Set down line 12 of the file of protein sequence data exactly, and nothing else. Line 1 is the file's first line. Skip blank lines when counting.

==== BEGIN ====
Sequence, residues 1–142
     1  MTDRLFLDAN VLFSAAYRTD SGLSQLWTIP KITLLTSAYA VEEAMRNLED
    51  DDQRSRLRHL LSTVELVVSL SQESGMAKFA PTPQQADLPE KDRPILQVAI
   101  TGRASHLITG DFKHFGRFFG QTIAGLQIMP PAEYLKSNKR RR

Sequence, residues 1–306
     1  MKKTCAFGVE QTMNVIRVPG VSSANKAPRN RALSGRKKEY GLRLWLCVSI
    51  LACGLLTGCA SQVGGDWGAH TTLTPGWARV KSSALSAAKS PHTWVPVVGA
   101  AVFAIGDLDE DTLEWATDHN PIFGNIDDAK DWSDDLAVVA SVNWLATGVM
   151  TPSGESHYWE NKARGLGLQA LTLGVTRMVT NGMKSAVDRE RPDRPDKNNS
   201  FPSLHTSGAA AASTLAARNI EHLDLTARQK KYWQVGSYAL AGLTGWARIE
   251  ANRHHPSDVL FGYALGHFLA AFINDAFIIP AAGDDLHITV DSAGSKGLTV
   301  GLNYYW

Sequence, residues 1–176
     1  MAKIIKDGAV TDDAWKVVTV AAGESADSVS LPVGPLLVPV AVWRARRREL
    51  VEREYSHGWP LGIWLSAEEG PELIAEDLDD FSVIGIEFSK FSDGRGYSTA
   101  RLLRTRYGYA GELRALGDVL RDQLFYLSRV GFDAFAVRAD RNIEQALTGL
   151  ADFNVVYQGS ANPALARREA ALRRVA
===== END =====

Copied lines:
   301  GLNYYW